The Business of Creative Writing with Lisa Bubert

Practicing the craft is how we become writers; knowing how to “sell” that craft is how we go pro.

Your Instructor: Lisa Bubert, a writer/editor with over 10 years in the industry.

Where: Online — Available everywhere!

When: September 9, 2021 - October 7, 2021

Enrollment: 20

Price: $299

Class Description

Survive the trenches in the literary war to go pro.

Practicing the craft is how we become writers; knowing how to “sell” that craft is how we go pro.

In this four-week course students will learn: different accountability and productivity methods for their work styles; how to effectively submit to journals, pitch editors, query agents, and how to gracefully follow-up with promising leads; the ins and outs of marketing, networking etiquette, and how to be a literary citizen.

Your leader in this battle: Lisa Bubert. A writer and editor with over ten years experience in the literary industry. She knows what it takes to get to the next level, and she will be there with you in the trenches when all seems lost. Lisa will help you plot a successful course of action to achieve your goal of becoming a professional writer. 

What This Class Covers

Week One: Definitions and Expectations

Lecture: A discussion of what to expect from this class as a whole and on a personal level. Goals vs. accountability. Definitions will be laid out for the basic avenues of literary publishing—literary journals vs. magazines, indie press vs. Big Five vs. self-publishing, etc. We will also explore different accountability tools for the toolbox and brainstorming ideas to move the needle.

(This lesson will include an extensive supplemental reading list provided by the instructor.)

Assignment: If you don’t already have goals, you’re going to make some! What do you want to see yourself do this year? Write and submit at least three new pieces? Pitch to three editors? Finish that novel draft?

Please come up with three attainable and controllable goals (I.E.: not “get published”) to share with the group. These goals will be your North Star for the rest of the class, and we will check in each week to see how you’re progressing.

 

Week Two: Publishing Short Fiction and Essays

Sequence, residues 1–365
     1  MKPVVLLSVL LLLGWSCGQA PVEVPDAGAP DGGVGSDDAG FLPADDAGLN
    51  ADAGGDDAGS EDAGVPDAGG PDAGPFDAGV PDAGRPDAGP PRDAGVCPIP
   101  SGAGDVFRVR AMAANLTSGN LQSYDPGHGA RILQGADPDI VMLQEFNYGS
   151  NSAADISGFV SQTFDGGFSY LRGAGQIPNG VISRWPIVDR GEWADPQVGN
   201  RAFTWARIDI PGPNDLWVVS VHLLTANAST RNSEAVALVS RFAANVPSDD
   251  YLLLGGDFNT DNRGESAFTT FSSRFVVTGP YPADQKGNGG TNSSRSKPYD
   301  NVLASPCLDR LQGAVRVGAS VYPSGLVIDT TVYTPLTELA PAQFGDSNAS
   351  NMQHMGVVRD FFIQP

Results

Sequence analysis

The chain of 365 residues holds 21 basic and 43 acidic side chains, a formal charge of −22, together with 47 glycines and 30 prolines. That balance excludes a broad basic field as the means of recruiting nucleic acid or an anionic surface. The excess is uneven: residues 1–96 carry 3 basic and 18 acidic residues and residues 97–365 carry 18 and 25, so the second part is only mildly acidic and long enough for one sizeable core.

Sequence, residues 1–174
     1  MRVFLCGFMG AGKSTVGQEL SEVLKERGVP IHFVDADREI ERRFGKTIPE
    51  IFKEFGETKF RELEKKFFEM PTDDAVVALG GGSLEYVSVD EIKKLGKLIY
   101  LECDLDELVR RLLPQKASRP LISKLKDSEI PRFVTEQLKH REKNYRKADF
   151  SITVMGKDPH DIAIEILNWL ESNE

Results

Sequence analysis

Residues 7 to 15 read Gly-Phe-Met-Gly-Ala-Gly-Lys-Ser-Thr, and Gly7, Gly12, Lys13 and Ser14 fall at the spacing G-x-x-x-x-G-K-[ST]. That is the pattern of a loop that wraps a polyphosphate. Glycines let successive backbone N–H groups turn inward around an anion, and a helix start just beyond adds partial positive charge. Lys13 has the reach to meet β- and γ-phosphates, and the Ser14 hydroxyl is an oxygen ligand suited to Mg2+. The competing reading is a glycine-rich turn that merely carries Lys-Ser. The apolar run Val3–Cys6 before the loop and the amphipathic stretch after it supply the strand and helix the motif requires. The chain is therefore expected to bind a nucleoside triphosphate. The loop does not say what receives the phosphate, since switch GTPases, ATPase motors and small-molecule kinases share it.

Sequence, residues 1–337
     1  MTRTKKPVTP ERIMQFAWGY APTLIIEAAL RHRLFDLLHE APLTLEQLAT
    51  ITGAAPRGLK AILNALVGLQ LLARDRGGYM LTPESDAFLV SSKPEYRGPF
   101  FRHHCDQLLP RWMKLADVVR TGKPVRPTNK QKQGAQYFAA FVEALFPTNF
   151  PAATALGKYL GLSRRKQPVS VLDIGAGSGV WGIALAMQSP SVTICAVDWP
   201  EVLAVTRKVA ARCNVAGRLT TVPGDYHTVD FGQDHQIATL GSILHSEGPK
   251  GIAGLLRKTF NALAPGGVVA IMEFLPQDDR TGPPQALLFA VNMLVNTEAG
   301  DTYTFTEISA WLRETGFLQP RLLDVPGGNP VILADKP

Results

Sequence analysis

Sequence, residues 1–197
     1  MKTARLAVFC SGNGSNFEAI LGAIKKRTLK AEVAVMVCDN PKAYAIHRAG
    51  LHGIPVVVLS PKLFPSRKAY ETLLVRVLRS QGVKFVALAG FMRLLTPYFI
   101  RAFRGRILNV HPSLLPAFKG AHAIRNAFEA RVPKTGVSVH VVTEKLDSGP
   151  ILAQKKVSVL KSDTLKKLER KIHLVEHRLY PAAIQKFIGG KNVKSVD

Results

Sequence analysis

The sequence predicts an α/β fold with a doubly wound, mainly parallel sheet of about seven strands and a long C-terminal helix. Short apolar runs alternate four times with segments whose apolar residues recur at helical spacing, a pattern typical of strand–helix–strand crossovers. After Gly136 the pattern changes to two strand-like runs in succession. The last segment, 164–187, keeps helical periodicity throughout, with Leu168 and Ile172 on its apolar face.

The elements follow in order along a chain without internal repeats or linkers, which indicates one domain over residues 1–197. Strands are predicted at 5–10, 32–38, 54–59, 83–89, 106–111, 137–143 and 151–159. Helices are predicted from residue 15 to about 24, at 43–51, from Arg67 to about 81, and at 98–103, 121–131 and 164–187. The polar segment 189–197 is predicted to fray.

Lecture: Learn where to find publications and how to determine fit, the importance of following submission guidelines, how to write cover letters and format submissions, how to follow-up gracefully, read the rejections, and most importantly—how to get paid! Examples of successful pitches will be provided as guideposts. 

(This lesson will include an extensive supplemental reading list provided by the instructor.)

Assignment: If you have work ready to submit, go ahead and find five great fits for that work. Write the cover letter and format the submission. Next week, we’ll hit the submit button!

If you have non-fiction that is suitable for pitching, write the pitch! Bonus points if you can find the emails of the editor you’d like to pitch to.

If you do not yet have anything to submit or pitch, get yourself organized. Join Duotrope or make your submission or pitch spreadsheet, and get prepped for when you do eventually submit.

 

Week Three: Book Publishing

Lecture: We will discuss Self-Publishing vs. Traditional, Indie vs. Big Five, when and why to get an agent, the query process, the “shopping” process, the deal and more — advances, royalties, sub-rights — you name it.

(This lesson will include an extensive supplemental reading list provided by the instructor.)

Assignment: If you have written a book, try writing the query letter. If you aren’t ready for the query yet (though there’s good reason to write the pitch before the book!), try identifying some comparative titles for your work. These must have been published within the past five years. No bestsellers! You can even pitch an idea for a book.

 

Week Four: Everything Else

Lecture: In week 4 we will cover everything we missed — what happens after the agent in publishing, from on-sub to book deal, and pitching basics for editors. Literary citizenship and how to build a network. Finding, joining and creating critique groups. Seeking volunteer opportunities— first readers, bookshops, major literary events. And of course the all important How to Social Media.

Assignment: Submit any questions you may have for the final discussion. Let’s follow each other on social media! Consider making a crit group, either out of colleagues in this class, or via a collection of other writers you admire. You never know until you ask.

Goals Of This Class

  • Define the basic avenues of literary publishing and determine your goals
  • Explore publication venues and their guidelines in preparation for submission
  • Learn the When, Where, and the How of pitching etiquette 
  • Build a network and become a literary citizen
About Our Classes Class FAQs